So to answer the question: if you want to deal with non-continuous distributions, you have to tweak your definition of differential entropy. if the only difference you make is to substitute in some well-behaved measure $\nu$, even if the derivation goes through the same, the distribution you get out will be wrt $\nu$, ie not the same as $\phi d\mu$ where $\phi$ is the density of the gaussian. (how much of that derivation you can re-use depends on the measure you choose.)

PS a good reference on this stuff is cover&thomas's information theory book, which has a derivation of gaussian being the max (differential) entropy (continuous) distribution with constant variance.

EDIT I misunderstood the question; I thought it was asking about entropy for distributions without a density wrt Lebesgue; all it is asking for is a proof without any conditions on the density. Deane Yang provides such a proof in his answer to the question.

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Well, I'm coming from the EE world. I'm not familiar with some of the concepts you presented. Could you make it a bit clearer? Thanks. – Drazick Jan 12 '10 at 8:54
Sure. First let me make sure I understood your question: you are comfortable with the proof that, out of the set of all continuous distributions with variance 1, the one with maximum entropy is the gaussian distribution. Your question then is to drop the continuity constraint, i.e. find the max-entropy general distribution with variance 1. What I'm trying to say is that the question is ill posed because differential entropy is defined wrt continuous distributions--ie distributions with a density $f$ wrt regular integration (Lebesgue measure). continuing in another comment.. – Matus Telgarsky Jan 12 '10 at 10:29
..anyway there's no way to plug a non-continuous distribution into the standard definition of differential entropy. (as in, the standard definition is implicitly 'with respect to lebesgue measure'. you'd have to define another form for general distributions, but honestly such a concept doesn't make sense to me. perhaps someone else here knows of such generalizations.) Another approach is to use the lebesgue decomposition theorem and use differential entropy for the part that has a density wrt lebesgue measure, and something else for the other part.. – Matus Telgarsky Jan 12 '10 at 10:32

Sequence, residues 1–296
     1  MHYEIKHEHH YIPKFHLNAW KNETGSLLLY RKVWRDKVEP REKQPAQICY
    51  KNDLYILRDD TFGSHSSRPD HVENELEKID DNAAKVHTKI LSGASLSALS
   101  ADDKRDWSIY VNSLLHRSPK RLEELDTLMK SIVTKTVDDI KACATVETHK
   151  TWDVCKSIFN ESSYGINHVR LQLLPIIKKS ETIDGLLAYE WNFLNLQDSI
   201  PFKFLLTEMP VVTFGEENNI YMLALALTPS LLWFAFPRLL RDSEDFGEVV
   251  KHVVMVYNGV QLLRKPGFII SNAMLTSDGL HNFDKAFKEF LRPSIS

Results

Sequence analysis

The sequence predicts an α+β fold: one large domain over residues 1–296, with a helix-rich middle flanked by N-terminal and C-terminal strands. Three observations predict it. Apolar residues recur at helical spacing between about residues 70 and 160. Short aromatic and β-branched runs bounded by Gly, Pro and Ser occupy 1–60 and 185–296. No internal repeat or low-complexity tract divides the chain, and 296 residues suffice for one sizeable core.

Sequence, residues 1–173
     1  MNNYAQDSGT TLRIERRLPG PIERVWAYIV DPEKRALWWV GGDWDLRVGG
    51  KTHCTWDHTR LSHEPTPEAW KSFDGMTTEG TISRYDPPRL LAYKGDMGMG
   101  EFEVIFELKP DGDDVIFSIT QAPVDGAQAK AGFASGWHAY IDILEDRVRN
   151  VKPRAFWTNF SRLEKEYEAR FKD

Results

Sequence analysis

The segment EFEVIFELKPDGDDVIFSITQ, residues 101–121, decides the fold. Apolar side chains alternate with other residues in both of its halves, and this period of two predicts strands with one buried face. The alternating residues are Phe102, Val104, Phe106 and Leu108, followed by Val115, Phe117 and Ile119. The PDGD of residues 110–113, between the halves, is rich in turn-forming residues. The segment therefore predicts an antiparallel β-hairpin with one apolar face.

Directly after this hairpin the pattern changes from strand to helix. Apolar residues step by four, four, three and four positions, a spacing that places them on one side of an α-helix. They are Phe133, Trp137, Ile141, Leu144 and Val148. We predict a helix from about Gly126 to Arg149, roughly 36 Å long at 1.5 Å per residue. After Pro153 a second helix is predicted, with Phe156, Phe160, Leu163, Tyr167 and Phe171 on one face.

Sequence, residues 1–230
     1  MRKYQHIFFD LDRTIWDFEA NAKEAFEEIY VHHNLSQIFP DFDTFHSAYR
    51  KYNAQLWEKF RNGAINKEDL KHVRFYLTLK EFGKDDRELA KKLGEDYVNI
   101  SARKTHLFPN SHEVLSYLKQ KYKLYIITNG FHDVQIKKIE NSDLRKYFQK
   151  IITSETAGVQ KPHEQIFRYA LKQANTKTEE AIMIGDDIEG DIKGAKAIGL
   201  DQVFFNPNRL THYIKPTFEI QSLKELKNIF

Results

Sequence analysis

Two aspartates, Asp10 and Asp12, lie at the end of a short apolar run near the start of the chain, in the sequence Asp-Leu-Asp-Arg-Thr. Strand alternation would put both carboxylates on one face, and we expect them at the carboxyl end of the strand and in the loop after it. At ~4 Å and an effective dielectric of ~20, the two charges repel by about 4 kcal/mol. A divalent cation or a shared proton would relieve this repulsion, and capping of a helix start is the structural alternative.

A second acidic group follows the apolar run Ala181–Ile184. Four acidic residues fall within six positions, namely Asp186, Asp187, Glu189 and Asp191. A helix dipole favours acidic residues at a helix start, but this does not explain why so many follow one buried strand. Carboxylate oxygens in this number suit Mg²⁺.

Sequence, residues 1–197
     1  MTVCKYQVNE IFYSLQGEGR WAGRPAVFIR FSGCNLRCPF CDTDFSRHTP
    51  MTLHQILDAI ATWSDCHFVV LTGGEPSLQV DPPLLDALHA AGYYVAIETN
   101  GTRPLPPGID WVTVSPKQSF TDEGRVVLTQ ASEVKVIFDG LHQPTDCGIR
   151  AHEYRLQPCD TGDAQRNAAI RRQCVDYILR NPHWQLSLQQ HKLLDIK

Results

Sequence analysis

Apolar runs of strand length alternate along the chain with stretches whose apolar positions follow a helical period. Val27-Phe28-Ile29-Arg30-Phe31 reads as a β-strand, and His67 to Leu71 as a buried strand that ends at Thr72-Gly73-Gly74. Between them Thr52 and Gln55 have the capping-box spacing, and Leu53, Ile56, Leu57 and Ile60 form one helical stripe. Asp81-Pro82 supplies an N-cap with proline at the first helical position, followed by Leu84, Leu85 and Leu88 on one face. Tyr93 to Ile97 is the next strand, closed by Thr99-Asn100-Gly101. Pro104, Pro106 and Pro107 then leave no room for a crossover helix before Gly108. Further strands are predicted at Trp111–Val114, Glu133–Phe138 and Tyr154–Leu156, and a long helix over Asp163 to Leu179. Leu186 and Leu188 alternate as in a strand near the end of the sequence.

My preliminary thought was using the Central Limit Theorem. As adding 2 independent variables "grows" the Entropy. 2 steps are needed for that: 1. Make sure any variable with a certain Variance can be described by the sum of 2 other independent variables. 2. The max Entropy is a result of infinite number of such variables -> Gaussian Variable. Now all I need is to break this "Gaussian" into the same number of variables as the original variable. Their variance is equal hence the Entropy of the Gaussian is bigger. Is that make any sense? – Drazick Jan 13 '10 at 9:32
Drazick: the proof you suggest can be made to work, but is vastly more difficult than the Jensen's inequality argument in Deane's post below. – Mark Meckes Jan 13 '10 at 16:09

There is a another nice proof that is based on the fact that the entropy of x+y is at least the minimum of the individual entropies. Then one shows that by adding more and more terms in the summation, the entropy can only increase, and by the CLT, one get that this is a Gaussian. A scaling is also needed somewhere, please see any advanced text on IT for the details. The thomas-cover book is not enough here.